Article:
Introduction and objectives: Although clinical guidelines recommend invasive management in non-ST-segment elevation myocardial infarction (NSTEMI), this strategy is underused in frail elderly patients in the real world. Furthermore, these patients are underrepresented in clinical trials and therefore the evidence is scarce. Our hypothesis is that an invasive strategy will improve prognosis in elderly frail patients with NSTEMI.
Methods: This will be a prospective, multicenter, randomized trial, in which the conservative and invasive strategies will be compared in patients meeting all of the following inclusion criteria: NSTEMI diagnosis, age ≥ 70 years, and frailty defined by a category ≥ 4 in the Clinical Frailty Scale. Participants will be randomized to an invasive (coronary angiogram and revascularization if anatomically amenable) or conservative (medical treatment and coronary angiogram only if persistent clinical instability) strategy. The primary endpoint will be the number of days alive out of hospital during the first year. The coprimary endpoint will be the time until the first cardiac event (cardiac death, reinfarction or postdischarge revascularization). We estimate a sample size of 178 patients (89 per arm), considering an increase of 20% in the proportion of days alive out of hospital with the invasive management.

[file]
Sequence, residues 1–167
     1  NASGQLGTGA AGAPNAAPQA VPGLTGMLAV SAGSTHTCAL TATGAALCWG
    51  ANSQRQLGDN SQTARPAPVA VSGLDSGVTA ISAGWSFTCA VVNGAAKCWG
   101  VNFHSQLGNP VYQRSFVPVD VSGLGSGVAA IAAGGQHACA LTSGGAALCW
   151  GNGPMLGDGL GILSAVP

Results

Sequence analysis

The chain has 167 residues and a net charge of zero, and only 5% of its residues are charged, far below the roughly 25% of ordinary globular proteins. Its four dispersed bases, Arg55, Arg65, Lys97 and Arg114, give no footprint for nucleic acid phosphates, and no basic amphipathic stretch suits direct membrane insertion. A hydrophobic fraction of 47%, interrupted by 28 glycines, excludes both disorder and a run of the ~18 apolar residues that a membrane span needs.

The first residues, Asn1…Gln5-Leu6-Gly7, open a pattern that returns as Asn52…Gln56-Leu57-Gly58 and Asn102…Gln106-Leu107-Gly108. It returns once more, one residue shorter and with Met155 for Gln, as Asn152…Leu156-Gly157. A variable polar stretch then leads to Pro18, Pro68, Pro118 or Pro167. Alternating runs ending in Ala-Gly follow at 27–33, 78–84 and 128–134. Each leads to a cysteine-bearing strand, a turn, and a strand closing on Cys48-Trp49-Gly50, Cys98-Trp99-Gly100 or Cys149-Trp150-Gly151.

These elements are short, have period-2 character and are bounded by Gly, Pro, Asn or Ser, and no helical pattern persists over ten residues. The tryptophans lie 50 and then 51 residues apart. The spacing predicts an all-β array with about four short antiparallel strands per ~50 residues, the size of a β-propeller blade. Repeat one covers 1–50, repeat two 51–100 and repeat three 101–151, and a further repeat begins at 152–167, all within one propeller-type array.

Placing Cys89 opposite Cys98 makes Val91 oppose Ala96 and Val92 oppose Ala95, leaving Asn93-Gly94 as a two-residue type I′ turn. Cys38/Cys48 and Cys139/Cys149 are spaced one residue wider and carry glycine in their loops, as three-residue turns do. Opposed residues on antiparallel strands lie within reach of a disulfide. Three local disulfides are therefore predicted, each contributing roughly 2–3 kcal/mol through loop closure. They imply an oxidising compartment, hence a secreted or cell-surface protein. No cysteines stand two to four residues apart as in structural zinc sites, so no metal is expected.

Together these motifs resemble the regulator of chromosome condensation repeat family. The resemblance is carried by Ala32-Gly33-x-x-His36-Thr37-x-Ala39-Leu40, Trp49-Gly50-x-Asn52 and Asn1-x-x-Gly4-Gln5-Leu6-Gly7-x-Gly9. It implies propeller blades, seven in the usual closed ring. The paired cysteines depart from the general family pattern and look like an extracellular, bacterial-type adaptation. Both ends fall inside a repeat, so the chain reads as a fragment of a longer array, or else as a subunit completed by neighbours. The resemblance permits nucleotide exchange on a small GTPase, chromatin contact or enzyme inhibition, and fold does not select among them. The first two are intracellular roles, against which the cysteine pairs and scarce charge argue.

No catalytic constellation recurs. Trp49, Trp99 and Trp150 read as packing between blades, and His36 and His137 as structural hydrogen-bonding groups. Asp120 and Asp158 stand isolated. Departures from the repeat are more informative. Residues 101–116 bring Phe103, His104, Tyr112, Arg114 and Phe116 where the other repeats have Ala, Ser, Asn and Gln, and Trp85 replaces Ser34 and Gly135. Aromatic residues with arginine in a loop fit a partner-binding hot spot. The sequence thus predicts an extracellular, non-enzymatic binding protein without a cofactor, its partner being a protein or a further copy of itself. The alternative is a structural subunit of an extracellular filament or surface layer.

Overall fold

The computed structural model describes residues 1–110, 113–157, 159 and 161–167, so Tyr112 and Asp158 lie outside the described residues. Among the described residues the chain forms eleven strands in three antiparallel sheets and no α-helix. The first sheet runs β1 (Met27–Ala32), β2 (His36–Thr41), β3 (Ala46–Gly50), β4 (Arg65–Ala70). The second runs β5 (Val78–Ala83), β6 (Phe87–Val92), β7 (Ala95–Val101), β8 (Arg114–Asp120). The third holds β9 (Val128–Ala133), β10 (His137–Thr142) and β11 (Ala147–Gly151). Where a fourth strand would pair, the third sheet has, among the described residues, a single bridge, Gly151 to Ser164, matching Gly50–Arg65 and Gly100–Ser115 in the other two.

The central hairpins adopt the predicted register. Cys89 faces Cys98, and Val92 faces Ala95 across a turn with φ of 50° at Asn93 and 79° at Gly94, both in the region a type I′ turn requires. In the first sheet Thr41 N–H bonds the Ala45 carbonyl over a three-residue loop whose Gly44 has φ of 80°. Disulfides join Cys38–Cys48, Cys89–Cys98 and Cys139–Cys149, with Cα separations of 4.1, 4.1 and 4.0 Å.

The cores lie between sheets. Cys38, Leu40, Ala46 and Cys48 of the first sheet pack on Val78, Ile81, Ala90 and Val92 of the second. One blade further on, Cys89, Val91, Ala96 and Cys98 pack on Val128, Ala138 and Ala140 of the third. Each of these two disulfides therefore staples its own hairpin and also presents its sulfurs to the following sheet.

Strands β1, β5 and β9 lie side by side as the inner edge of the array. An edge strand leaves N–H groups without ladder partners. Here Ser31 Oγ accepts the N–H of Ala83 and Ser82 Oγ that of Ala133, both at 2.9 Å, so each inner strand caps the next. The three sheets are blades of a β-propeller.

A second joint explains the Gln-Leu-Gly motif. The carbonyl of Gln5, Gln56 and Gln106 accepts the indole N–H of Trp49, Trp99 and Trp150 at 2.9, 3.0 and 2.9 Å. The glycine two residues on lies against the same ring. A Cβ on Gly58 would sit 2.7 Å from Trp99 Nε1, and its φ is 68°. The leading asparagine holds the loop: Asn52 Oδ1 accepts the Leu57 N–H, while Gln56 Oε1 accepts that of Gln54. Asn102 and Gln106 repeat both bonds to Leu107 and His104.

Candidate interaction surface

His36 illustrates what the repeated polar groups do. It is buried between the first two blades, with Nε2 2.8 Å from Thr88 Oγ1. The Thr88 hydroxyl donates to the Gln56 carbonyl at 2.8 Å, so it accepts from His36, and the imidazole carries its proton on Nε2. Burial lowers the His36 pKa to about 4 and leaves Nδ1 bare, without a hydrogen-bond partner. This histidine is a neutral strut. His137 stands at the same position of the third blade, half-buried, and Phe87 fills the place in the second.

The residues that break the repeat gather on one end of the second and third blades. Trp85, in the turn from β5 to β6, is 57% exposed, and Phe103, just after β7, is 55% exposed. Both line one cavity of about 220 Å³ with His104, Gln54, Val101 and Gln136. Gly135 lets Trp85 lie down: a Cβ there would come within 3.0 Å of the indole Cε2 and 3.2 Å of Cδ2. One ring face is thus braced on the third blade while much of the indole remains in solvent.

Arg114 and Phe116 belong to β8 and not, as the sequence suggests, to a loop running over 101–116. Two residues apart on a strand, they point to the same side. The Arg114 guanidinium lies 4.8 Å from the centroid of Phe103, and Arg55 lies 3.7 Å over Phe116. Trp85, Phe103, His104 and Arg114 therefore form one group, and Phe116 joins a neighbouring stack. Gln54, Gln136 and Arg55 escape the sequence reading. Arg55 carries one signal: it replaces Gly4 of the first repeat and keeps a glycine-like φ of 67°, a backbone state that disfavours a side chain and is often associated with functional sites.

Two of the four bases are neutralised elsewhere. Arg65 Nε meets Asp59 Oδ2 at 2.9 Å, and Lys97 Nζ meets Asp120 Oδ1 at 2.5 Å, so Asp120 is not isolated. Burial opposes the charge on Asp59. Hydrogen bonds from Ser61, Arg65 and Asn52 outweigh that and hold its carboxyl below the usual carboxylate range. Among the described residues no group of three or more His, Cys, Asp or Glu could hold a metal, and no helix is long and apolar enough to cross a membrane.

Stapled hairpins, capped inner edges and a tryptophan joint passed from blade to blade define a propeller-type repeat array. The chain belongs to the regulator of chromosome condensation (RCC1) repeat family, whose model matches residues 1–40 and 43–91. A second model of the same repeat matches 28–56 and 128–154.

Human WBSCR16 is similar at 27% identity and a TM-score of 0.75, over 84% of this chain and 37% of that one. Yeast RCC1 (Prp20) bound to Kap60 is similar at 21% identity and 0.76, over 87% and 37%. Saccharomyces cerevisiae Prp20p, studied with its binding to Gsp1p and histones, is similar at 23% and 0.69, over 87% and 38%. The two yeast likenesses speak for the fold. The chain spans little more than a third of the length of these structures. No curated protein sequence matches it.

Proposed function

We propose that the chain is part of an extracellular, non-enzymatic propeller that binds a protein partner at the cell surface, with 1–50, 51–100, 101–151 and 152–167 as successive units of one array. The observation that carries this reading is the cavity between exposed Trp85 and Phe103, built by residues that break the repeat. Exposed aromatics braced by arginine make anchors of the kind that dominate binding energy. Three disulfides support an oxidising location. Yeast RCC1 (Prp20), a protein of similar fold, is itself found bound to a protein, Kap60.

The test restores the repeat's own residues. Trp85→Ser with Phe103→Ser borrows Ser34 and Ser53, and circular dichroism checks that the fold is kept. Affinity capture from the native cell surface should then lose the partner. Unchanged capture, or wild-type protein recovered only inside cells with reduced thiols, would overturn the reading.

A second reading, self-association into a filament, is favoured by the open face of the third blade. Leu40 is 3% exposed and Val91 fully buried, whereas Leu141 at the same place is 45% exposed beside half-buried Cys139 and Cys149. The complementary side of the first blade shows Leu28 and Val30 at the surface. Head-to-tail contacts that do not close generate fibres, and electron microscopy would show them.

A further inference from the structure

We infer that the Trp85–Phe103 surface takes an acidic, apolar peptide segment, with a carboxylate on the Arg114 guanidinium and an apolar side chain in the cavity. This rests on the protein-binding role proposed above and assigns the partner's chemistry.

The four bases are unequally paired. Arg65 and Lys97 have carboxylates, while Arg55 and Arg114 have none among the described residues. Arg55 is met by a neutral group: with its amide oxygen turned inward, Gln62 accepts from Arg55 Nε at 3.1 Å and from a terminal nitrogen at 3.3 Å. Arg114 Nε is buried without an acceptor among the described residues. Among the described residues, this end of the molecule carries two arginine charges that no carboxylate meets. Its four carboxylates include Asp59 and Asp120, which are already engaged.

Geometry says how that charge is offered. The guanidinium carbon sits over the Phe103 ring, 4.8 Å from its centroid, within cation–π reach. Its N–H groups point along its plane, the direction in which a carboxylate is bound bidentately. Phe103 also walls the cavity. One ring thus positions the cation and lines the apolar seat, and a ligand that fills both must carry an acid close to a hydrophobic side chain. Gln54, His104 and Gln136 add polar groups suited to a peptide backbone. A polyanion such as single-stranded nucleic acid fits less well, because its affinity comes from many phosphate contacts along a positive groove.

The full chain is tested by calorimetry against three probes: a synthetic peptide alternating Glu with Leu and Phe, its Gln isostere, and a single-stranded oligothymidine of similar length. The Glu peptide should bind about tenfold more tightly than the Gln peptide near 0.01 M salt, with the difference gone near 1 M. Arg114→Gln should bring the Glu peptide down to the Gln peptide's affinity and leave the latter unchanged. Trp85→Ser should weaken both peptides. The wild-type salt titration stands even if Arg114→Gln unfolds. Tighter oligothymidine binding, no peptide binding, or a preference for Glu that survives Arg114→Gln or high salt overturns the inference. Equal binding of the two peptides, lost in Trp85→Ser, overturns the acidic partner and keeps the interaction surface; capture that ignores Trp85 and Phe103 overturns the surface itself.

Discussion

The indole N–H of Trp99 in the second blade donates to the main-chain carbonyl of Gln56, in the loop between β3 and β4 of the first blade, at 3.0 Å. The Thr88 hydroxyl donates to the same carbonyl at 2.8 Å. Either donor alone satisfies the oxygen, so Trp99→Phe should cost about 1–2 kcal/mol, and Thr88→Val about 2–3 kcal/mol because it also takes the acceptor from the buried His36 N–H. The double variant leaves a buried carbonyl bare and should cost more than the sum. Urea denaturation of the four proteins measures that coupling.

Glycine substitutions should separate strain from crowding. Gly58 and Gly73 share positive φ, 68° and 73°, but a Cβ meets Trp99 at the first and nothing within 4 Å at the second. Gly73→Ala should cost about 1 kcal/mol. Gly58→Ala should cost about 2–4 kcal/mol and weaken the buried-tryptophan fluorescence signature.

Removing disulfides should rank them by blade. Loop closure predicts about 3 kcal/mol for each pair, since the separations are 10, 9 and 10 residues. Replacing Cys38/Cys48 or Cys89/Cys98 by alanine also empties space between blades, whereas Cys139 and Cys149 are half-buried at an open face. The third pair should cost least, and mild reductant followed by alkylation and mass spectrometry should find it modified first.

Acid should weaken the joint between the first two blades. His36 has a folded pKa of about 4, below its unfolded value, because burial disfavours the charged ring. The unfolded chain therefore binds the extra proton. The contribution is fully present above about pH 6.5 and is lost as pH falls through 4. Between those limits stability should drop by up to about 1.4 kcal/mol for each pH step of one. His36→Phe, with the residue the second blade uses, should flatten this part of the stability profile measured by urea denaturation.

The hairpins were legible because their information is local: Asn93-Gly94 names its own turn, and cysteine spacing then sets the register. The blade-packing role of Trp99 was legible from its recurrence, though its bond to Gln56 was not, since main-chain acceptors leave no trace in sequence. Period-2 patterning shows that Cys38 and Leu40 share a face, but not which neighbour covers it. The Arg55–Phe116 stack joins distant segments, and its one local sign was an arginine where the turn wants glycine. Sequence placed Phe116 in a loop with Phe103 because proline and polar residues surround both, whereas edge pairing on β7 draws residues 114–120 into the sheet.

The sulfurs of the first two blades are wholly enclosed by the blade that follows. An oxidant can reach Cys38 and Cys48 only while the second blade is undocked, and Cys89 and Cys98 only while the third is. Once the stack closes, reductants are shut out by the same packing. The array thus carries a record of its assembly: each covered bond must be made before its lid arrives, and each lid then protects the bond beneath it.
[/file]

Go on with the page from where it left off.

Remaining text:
Results: The results of this study will add important knowledge to inform the management of frail elderly patients hospitalized with NSTEMI.
Conclusions: We hypothesize that the invasive strategy will improve outcomes in frail elderly patients with NSTEMI. If this is confirmed, frailty status should not dissuade physicians from implementing an invasive management strategy.
Clinical trial registration: URL: http://www.clinicaltrials.gov.Identifier: NCT03208153.
Keywords: Acute myocardial infarction; Anciano; Elderly; Fragilidad; Frailty; Infarto agudo de miocardio.
Copyright © 2018 Sociedad Española de Cardiología. Published by Elsevier España, S.L.U. All rights reserved.